Software and stylus
The software is mostly pure Android and comes with version 4.2.2, complemented by a few Asus applications like a nicely implemented weather widget. Among the Asus apps, you’ll also find a file manager, a dictionary, a separate backup solution as well as App Locker, which allows you to protect individual apps with a password. There’s also an included calendar, scheduler, energy saver and the books app called MyLibrary, an app to incorporate the Note 6 into your home network, like the Story app where you can create virtual books from images and text using individually adaptable layouts.
The digital pen is the icing on this Note 6 cake. Asus uses the same technology as Samsung in the Note family and packs some similar functions. Pulling out the pen automatically opens the note app called Super Note, where you can choose from various layouts, create notes, memos and drawings and primp with images, video, audio or timestamp as desired.
From what I could tell during my test, the button on the stylus only has one function. When circling an area on the screen with the button down, it will cut that area out which can then be saved or shared via various channels. What I found to be quite practical was when pulling out the pen, a little blue box will appear on the left side of the screen which can be pulled to the right. This pulls a grid over the current screen on which you can make notes.
The hover feature can also be found on the Note 6, which is something we’ve become familiar with from the Note series. By holding the pen just above the display, a blue dot appears on the screen. The functionality of this touchless navigation is restricted however: if you press the point of the stylus on an icon, an explanation of the symbol is displayed (for example, pointing to the Camera icon in the gallery will open a dialogue box saying "Go to Camera"). Using the pen’s hover function in your list of albums, you can scroll through the thumbnails of the pictures in each folder.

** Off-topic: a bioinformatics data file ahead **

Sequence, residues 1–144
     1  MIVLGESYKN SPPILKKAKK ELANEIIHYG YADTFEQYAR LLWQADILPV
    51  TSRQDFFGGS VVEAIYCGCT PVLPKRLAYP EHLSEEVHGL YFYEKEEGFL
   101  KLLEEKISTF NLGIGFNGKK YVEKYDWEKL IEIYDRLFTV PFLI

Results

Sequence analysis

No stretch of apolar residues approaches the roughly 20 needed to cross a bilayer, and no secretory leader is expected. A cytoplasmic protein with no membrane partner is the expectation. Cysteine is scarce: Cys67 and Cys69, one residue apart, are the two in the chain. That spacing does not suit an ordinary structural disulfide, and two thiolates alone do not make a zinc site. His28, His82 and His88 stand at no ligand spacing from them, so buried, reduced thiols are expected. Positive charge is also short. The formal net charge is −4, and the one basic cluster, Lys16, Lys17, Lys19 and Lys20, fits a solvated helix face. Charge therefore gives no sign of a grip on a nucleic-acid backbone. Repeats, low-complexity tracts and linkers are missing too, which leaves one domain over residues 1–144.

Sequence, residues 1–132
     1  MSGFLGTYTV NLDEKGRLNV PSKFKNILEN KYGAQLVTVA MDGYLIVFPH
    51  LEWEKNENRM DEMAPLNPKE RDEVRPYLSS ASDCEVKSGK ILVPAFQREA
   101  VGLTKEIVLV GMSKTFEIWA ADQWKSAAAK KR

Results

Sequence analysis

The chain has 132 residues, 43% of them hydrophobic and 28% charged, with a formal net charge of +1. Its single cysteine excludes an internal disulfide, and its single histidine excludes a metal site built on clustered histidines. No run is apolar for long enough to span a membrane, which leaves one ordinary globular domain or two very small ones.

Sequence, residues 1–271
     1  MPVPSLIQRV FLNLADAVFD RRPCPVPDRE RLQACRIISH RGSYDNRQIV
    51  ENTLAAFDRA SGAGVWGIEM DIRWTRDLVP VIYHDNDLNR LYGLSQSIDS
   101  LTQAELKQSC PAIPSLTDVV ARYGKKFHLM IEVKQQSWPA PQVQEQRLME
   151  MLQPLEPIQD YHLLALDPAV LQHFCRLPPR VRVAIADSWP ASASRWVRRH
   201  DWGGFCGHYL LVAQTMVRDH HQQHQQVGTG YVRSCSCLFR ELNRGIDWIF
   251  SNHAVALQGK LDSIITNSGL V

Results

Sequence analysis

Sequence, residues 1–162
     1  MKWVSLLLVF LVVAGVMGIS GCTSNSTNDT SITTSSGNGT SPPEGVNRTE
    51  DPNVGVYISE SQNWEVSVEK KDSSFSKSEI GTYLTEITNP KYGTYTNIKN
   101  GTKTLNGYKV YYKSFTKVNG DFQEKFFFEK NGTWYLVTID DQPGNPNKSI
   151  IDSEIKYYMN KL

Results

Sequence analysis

You can also complete touchless scrolling by moving your pen to the top or bottom side of the page. Handwriting recognition worked generally well and entries appeared without any significant delay. I did however occasionally have trouble with the manual input of web addresses: the device often recognized only the last part of a word.
Another handy feature was that when the pen isn’t snug in its slot, a reminder will appear after a few minutes. There’s also a shortcut in Google Maps in which you can check the location of where the pen was last used.
All in all, the Asus stylus is a useful extension which serves well in expanding the operating scope, mainly for easy navigation through menus and pages and for entering handwritten notes and sketches. That being said, the functionality is limited compared to the Note 3.
Processor and power